Mother Feared For Her Injured Son As She Drove 90 minutes To An ED In Dungannon From Kilkeel
A distraught mother who says she could not get clear answers from her local GP Out Of Hours service as to where to take her 8-year-old son Harry to for urgent medical treatment is deeply concerned writes Laura Barr
She believes there is a lack of emergency and GP Out Of Hours care in the Southern HSC Trust area.
Jane Martin, who lives in Lisnacree just outside of Kilkeel, found herself living every parent’s worst nightmare last Wednesday (9 September).
Her son Harry had fallen and hurt his leg. The wound was so deep that Jane knew it would require medical attention and stitches.
The incident happened just after 5.30pm, and thinking that her own GP practice would still be open, she telephoned immediately.
Listening to a voice recording on the surgeries answering machine, Jane was informed that due to Covid-19, the practice only stays open until 5.30pm.
Jane knew that the Southern HSC Trust GP Out Of Hours service didn’t start until 6pm. So she took it upon herself to start driving to Newry while waiting for someone to answer her call at 6pm.
Jane said: “I put some plasters on Harry’s leg and got him into the car and started the journey to Daisy Hill hospital ED.
“I had no idea if the Accident and Emergency Department at Daisy Hill was open again.
“When I finally got through to speak to someone on the Out Of Hours number, after a 20 minute wait, all I wanted to know was if the hospital was open.
“I asked the lady I spoke to and she said she was not sure herself and that she would have to check and phone me back.
“Meanwhile, I had Harry in the back of the car who was in a lot of pain at this stage and still bleeding from the wound on his leg.”
Jane was also very anxious about Harry as he is a chronic asthmatic and she was fearful that the traumatic episode could induce an asthma attack.
At the same time, Jane’s husband Richard who works as a taxi driver was on his way back from Craigavon Hospital transporting a lady from Kilkeel who had a suspected life-threatening illness because no ambulance was available to pick the lady up.
“I was told by the receptionist at the Out Of Hours that the nearest place I could take Harry was Dungannon Hospital.
“I had absolutely no idea where I was travelling to and this of course added another element of panic to the situation.
“The lady informed me that I could not travel to Craigavon Hospital as it was being used for Covid-19 patients and I would have a very lengthy wait before being seen.”
So, Jane set of for Dungannon ED.
Once Jane and Harry arrived at the Minor Injuries Unit at Dungannon Hospital they were seen straight away.
“Because it had taken us an hour and a half to get there, they were unable to administer any anaesthetic to Harry before they began stitching his wound,” Jane explained.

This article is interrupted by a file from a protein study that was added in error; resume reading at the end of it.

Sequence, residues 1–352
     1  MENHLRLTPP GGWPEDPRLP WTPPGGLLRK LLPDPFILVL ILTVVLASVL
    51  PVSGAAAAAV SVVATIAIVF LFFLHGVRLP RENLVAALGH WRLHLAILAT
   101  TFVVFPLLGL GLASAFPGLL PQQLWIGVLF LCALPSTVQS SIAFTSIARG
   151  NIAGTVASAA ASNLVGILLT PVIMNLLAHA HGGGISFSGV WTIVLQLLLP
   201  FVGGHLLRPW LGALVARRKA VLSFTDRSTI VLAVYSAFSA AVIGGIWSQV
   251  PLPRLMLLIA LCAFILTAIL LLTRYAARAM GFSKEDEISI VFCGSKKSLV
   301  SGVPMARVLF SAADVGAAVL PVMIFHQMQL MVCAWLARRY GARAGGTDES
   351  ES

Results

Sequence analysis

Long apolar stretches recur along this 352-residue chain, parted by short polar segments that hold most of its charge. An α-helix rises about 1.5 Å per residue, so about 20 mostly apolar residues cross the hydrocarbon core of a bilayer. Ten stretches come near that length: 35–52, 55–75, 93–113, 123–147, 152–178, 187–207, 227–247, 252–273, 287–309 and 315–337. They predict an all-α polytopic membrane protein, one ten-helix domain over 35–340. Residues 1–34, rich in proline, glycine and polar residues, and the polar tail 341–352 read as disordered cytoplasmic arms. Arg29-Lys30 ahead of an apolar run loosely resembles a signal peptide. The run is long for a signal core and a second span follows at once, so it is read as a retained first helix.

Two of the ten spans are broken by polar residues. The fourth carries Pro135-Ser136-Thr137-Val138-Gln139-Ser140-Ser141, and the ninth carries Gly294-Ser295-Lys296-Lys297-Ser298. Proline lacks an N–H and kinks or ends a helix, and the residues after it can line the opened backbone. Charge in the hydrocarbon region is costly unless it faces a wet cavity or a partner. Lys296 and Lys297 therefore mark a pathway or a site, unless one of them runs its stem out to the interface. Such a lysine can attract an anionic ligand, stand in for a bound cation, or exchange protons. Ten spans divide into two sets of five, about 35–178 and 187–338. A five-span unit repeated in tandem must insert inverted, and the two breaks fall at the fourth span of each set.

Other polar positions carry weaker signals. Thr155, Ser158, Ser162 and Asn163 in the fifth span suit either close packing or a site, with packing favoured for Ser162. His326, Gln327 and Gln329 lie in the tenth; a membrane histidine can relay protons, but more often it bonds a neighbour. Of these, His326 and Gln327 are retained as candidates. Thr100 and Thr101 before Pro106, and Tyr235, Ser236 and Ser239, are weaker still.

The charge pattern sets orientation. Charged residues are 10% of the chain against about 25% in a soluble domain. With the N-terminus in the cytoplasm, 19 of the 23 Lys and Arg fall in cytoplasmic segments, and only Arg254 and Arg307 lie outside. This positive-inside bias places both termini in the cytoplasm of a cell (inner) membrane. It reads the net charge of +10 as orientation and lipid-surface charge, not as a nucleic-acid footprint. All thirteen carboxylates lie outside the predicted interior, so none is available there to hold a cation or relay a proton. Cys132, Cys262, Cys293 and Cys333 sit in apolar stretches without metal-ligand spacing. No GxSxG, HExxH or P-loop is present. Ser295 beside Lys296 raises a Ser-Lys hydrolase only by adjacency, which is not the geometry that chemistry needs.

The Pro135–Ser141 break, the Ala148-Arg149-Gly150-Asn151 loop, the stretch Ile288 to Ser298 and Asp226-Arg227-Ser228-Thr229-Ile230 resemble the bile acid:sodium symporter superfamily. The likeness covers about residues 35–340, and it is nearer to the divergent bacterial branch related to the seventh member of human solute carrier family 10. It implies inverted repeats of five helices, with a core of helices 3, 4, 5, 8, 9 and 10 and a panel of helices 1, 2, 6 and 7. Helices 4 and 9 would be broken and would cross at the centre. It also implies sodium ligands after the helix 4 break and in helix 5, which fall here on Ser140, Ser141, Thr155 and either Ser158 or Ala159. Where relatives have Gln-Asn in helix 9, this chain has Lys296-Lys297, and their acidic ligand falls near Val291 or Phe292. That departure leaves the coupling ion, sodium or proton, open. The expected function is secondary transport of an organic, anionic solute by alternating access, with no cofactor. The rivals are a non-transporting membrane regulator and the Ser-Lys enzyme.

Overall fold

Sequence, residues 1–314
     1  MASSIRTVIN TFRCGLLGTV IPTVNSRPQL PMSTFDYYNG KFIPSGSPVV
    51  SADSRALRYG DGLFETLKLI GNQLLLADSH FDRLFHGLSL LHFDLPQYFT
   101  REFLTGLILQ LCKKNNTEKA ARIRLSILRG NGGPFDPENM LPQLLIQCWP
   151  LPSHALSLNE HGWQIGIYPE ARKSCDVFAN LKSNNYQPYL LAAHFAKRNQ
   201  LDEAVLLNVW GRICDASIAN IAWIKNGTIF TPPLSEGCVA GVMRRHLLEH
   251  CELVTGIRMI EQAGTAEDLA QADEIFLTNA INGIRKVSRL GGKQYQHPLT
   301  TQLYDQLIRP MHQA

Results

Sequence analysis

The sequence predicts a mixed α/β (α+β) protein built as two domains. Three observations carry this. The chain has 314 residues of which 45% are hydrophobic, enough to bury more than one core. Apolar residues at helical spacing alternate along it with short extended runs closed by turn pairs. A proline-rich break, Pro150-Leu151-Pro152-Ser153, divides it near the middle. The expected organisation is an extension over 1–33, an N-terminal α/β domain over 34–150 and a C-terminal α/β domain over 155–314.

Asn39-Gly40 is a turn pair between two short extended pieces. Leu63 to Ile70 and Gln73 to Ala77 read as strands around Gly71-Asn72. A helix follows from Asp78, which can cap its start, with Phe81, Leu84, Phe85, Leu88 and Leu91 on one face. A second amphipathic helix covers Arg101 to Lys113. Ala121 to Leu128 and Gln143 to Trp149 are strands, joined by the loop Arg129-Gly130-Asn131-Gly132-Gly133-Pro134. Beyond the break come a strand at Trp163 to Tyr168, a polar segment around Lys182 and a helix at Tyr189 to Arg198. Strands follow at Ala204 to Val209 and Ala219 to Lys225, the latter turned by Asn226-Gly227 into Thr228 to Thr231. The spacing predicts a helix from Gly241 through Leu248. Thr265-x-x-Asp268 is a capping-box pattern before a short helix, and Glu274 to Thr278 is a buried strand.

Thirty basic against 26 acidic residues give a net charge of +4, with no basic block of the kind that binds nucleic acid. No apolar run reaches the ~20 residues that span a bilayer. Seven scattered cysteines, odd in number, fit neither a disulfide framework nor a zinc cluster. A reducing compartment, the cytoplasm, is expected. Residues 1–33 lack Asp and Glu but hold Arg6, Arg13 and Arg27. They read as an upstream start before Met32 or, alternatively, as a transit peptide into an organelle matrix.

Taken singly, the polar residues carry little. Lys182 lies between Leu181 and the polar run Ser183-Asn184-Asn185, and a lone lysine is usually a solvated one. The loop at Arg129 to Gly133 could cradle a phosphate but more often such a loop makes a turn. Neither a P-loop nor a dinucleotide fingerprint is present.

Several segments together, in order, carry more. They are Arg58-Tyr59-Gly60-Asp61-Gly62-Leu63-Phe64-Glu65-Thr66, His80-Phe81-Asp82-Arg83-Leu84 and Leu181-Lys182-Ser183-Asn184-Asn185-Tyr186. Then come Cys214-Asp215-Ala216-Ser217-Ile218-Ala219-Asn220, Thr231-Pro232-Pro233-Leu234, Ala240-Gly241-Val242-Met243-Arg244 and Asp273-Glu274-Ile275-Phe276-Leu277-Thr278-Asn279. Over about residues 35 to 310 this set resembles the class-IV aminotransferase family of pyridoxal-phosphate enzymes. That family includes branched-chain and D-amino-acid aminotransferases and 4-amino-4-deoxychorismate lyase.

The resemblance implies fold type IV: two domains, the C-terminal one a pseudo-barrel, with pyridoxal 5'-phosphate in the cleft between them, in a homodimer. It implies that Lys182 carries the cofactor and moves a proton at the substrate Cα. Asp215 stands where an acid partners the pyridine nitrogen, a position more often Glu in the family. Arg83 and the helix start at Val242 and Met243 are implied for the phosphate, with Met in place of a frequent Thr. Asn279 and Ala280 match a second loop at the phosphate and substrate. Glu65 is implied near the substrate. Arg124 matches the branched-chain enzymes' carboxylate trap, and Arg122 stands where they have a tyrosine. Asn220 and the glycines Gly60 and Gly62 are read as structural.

“For stitching there is a one-hour time slot before the skin starts to knit together again and because we weren’t there within an hour they had to just start stitching straight away.
“It was very painful for Harry, but he was so brave.”
Jane told Down News that she knows her story could have been “a lot worse” but she felt she had to speak out for many other people who may have lost loved ones or lost out on getting treatment when they needed it because of the lack of nearby services in the Kilkeel and South Down area.
“I totally respect that hospitals have to be very cautious with everything that is going on but at the end of the day there seems to be a whole area in the mournes which is just being completely neglected when it comes to emergency healthcare.
“Annalong, Kilkeel, Warrenpoint and that whole area have no nearby Minor Injuries Unit to facilitate treatment for patients.
“It really is an absolute joke and it doesn’t even bear thinking about if my son had have taken an asthma attack while I was transporting him to Dungannon.
“The fact is that we have a perfectly good ambulance station in Kilkeel and yet I have heard of numerous people unable to get an ambulance when they need one.
“My husband and other taxi men are now having to drive people who ring for an ambulance and are told one isn’t available to hospitals.
“It’s just not good enough and something needs done before actual lives are lost as a result!”
Down News contacted the Southern Health and Social Care Trust and were informed that a response could not be issued to this particular individual case.
They did however inform us that the reopening of Daisy Hill’s Emergency Department has been postponed until mid October from a planned September opening.